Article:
Stone Sour
House Of Gold And Bones

Written by Elyse Stoupe

I’ll admit, the last time I listened to any form of Stone Sour was back in 2002, when I was a mere teen. The song was Bother, released with the Spiderman soundtrack. It is a sad, almost self-indulgent song, which perfectly reflected the boy-man Tobey Maguire’s struggle depicted in the movie. I even recall a glimpse of a Spiderman mask ring, catching the light as the camera slowly panned around Corey Taylor’s fingers. I also remember Inhale, which had a video depicting the band as homeless men, which had me somewhat befuddled.

With a decade passed, and the occasional lapping of Slipknot hitting my ears, I expected a hybrid of the two, with less angst and more a reflection on growing older, and perhaps wiser, with an appropriate amount of riffage to keep the whole thing metal-friendly.

So opens House of Gold and Bones, Part 1 of 2, with 12 songs to deliver, before serving up a second dose in 2013. The band have touted this as a concept album, something I’m always wary about considering the general cohesion of bands, and the idea of just one theme is often a far-fetched dream. It opens with Gone Sovereign, which delivers everything you’d expect, a great build-up of vocals and power chords into an explosive bridge that pans out through the rest of the song, with a lashing of a guitar solo. It’s promising and satisfying. Lonely echoes round it off, moving into another heady and guitar-driven track, Absolute Zero, and the great hook line it delivers: I’m not the devil, but I won’t be your hero’.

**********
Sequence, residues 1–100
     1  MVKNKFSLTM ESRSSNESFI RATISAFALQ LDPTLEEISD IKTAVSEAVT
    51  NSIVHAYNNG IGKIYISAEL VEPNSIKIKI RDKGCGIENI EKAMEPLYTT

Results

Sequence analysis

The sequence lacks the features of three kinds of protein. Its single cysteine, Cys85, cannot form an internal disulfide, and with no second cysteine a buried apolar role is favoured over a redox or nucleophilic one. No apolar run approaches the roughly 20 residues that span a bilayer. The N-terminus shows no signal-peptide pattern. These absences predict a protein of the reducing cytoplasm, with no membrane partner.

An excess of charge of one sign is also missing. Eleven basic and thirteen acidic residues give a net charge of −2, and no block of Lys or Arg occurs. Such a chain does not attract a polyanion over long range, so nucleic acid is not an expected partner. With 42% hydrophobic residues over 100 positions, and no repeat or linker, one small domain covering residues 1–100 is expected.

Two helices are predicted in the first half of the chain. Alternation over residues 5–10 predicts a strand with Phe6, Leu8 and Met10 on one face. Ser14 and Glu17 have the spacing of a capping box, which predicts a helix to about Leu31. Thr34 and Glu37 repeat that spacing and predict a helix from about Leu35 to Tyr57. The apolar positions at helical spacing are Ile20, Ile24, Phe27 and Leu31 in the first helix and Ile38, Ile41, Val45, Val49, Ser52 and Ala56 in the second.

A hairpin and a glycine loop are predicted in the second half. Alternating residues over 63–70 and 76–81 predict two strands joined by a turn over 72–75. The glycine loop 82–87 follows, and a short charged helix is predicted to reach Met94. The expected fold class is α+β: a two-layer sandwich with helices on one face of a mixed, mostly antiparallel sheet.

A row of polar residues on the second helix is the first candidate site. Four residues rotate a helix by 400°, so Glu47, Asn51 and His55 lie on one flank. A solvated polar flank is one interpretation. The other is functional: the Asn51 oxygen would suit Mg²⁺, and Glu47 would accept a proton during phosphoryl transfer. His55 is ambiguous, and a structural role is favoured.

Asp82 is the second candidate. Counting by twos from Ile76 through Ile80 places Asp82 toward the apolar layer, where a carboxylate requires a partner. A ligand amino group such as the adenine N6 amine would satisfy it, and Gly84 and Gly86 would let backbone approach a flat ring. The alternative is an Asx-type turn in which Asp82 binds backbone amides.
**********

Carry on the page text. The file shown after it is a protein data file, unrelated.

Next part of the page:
Then rather suddenly, the album becomes all too predictable. A Rumour of Skin is clearly a breakdown track before moving into, dare I say it, the soft acoustic and violin track The Travelers, Part 1. There’s something very 80s about this whole song, a screaming throwback to Guns and Roses. Halfway through the track I’m honestly expecting Slash to start on wailing on his guitar, his hair whipped by a conveniently placed giant fan. Part 2, the second last track on the album, doesn’t help redeem this notion, instead lathering on vocal effects that I would expect from a kid messing around in Garageband.

There’s no doubt that the years have definitely helped to fine-tune their sound, but there just doesn’t seem to be anything revolutionary or new about this album. Instead, it harks back on every metal album before it, with a lot of the songs falling by the wayside and into the just plain forgettable. Sitting back hoping for something to grab you, you are left with the desire to thumb through your Dad’s old hair-metal collection. Taylor’s lyrics still read like an isolated teenager, an enemy to the world, rather than being triumphant over his demons and any sort of broadening bought on by his experiences. This dark and depressing theme would have worked marvelously for me as an outcast teenager, but just feels cringeworthy sitting here in my mid-20s.

That being said, the heavy bass tracks and throaty growls you get thrown in tracks like Last of The Real and RU486 are something to admire: the kind of songs that throw concerts into chaos with flailing limbs, and the right amount of sound equipment so that the band’s thrashing on stage crawls inside and beats your heart for you. This album will be an amazing addition to the band’s live set, but without the atmosphere and fear of being socked in the face by a stray fist. It just falls short of being anything truly remarkable.

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